Molitor third in AL MOY voting

Twins skipper guided surprising turnaround in 2015

Molitor third in AL MOY voting

MINNEAPOLIS -- Twins manager Paul Molitor finished third in the balloting for American League Manager of the Year, the Baseball Writers' Association of America announced Tuesday night on MLB Network.

Molitor received 33 points to finish behind Rangers manager Jeff Banister (112 points) and Astros skipper A.J. Hinch (82 points). Molitor, who received two first-place votes, three second-place votes and 14 third-place votes, was looking to become the third Twins manager to win the award, as each of his predecessors, Tom Kelly (1991) and Ron Gardenhire (2010), are former AL Managers of the Year. But like Kelly and Gardenhire, Molitor finished third in the balloting in his first season at the helm.

2015 Awards coverage

Molitor, in his first year as Twins manager after replacing Gardenhire, guided the club to an 83-79 record, which marked Minnesota's first winning season since 2010. It was a 13-win improvement for the Twins, who had lost at least 92 games in each of the previous four years. But Molitor said during his introductory news conference that he believed the Twins would be competitive in 2015, and he turned out to be right.

"I'll just say that, being a coach on the staff of Gardy's in 2014, I saw a foundation that we weren't too far away," Molitor said on MLB Network before the winner was announced. "I think some of our younger players started to emerge and understood they had to change the way they had to go about their business to get to the next level. Like a lot of teams this year, including Houston and Texas, we had an emergence of young players that helped carry us over the top and get us back to a competitive situation."

Under Molitor, the Twins were one of the biggest surprises in baseball in 2015 and weren't eliminated from postseason contention until the second-to-last day of the season. Molitor was named Sporting News AL Manager of the Year for his efforts.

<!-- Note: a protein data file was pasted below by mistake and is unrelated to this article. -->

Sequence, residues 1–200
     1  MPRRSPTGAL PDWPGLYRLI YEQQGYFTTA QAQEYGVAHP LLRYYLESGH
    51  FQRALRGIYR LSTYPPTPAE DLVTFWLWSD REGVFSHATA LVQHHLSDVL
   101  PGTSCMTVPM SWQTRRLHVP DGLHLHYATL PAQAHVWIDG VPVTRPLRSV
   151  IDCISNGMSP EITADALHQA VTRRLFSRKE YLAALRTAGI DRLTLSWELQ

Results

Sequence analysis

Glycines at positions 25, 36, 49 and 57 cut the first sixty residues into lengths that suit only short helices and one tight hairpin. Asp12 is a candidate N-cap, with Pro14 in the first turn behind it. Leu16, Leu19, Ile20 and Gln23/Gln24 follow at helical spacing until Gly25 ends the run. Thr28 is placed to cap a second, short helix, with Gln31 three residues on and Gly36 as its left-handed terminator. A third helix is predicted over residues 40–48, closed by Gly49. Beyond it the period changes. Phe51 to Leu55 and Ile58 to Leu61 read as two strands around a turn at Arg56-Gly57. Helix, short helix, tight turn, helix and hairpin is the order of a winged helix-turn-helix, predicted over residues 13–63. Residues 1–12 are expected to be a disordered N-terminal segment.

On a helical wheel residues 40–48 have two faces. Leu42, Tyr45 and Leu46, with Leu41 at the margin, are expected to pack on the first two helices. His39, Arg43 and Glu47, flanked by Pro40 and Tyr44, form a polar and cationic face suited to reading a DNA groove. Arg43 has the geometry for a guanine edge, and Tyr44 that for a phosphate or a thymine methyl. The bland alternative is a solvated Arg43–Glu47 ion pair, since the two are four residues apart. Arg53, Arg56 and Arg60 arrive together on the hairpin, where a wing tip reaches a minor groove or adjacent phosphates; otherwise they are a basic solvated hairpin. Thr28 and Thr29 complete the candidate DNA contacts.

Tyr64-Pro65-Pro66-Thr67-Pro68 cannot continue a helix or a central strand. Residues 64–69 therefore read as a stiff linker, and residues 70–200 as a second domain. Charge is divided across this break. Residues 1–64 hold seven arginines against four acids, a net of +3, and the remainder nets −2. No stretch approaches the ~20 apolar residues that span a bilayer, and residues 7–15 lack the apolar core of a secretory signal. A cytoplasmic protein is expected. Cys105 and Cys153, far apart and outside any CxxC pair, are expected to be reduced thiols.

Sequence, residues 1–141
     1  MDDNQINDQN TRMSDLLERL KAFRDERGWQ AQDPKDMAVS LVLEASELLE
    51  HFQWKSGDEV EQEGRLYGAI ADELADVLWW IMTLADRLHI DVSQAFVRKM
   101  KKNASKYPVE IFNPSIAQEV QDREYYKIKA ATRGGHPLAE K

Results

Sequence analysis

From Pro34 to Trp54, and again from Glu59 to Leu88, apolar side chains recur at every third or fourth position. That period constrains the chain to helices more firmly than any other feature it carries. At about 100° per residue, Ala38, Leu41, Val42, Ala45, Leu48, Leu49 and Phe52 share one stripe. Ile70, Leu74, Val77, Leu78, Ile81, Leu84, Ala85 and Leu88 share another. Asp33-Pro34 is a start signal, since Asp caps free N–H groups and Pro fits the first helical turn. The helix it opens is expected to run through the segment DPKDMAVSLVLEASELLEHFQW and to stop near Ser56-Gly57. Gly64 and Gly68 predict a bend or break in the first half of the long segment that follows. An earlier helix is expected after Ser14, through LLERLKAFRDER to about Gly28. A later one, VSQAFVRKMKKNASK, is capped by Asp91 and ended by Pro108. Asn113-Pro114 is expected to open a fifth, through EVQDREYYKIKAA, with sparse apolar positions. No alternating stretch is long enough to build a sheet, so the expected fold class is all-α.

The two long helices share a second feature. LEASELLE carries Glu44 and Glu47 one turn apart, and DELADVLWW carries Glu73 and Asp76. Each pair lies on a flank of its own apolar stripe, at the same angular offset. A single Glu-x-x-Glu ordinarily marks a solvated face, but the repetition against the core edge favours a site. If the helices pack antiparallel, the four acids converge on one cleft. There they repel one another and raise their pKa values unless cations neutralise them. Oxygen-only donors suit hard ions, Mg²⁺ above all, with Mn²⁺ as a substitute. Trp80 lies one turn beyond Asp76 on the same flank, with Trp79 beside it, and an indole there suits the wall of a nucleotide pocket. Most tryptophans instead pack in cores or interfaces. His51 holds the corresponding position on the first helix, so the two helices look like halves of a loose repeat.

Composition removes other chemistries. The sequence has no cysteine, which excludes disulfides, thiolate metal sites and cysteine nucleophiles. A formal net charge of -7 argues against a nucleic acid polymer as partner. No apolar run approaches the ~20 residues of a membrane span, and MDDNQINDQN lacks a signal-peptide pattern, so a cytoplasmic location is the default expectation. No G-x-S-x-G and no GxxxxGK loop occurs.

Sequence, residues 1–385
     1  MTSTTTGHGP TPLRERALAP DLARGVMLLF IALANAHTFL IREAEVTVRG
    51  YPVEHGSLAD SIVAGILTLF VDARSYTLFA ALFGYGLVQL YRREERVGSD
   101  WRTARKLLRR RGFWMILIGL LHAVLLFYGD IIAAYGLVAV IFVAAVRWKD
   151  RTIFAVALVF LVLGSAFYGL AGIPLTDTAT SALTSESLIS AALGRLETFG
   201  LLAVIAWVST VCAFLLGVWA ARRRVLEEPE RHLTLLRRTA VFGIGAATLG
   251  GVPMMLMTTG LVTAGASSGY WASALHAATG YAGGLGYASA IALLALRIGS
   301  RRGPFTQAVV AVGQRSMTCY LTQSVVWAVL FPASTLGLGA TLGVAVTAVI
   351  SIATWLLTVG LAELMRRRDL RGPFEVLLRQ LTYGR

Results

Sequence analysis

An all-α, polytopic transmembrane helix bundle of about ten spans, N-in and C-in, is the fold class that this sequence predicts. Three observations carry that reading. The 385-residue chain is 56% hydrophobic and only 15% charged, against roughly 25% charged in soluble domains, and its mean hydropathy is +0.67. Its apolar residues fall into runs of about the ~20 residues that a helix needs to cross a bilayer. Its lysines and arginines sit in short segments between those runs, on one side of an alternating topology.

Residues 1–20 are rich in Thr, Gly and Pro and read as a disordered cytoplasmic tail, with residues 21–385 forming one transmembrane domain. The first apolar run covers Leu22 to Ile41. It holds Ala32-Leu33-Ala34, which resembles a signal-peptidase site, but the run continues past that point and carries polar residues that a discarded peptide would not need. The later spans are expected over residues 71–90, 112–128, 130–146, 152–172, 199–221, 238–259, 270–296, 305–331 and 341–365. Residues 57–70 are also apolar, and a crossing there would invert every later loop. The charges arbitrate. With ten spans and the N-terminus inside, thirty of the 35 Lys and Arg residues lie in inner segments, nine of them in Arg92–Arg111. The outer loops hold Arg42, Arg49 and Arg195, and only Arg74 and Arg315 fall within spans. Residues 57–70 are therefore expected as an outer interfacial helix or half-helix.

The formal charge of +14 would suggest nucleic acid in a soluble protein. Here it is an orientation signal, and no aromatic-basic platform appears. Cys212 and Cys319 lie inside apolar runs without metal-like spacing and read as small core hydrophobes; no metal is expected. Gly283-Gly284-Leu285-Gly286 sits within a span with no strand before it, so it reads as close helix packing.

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Molitor oversaw a team that overachieved according to the numbers, as the Twins finished 12th in the big leagues in runs scored and 19th in ERA. But they found ways to win and showed resiliency throughout the season, shaking off losing streaks and remaining in contention. They were also able to overcome a slow start to the season, as they opened 1-7, but went 20-7 in May to bounce back.


Manager, Club 1st 2nd 3rd Points
Jeff Banister, TEX 17 8 3 112
A.J. Hinch, HOU 8 13 3 82
Paul Molitor, MIN 2 3 14 33
John Gibbons, TOR 1 5 2 22
Joe Girardi, NYY 2   2 12
Ned Yost, KC   1 5 8
Mike Scioscia, LAA     1 1

"There's a lot of ebbs and flows to your season," Molitor said. "You don't want to hit the big wave right out of the chute, but it kind of happened to us. Coming out of Spring Training things looked pretty good, but we lost Ervin Santana for the first half of the year right before the season. That had a big effect on us. Maybe more than I would've liked, if I would've handled it better. But we got through it after a 1-7 start and had a really great May to get us back in the mix and kept pushing from there."

The skipper commanded the respect of his players, as the 59-year-old Molitor was a Hall of Famer during his 21-year playing career with the Brewers, Blue Jays and Twins from 1978-98. But he was also still able to relate to his players, even the rookies such as Eddie Rosario and Miguel Sano, because he had previously served as a roving Minor League instructor for Minnesota before serving as a coach under Gardenhire in 2014.

Molitor, along with his coaching staff and veteran outfielder Torii Hunter, also transformed the clubhouse, as the mood was much lighter, especially after home wins, with the Twins holding dance parties with music and strobe lights.

Rhett Bollinger is a reporter for Read his blog, Bollinger Beat, follow him on Twitter @RhettBollinger and listen to his podcast. This story was not subject to the approval of Major League Baseball or its clubs.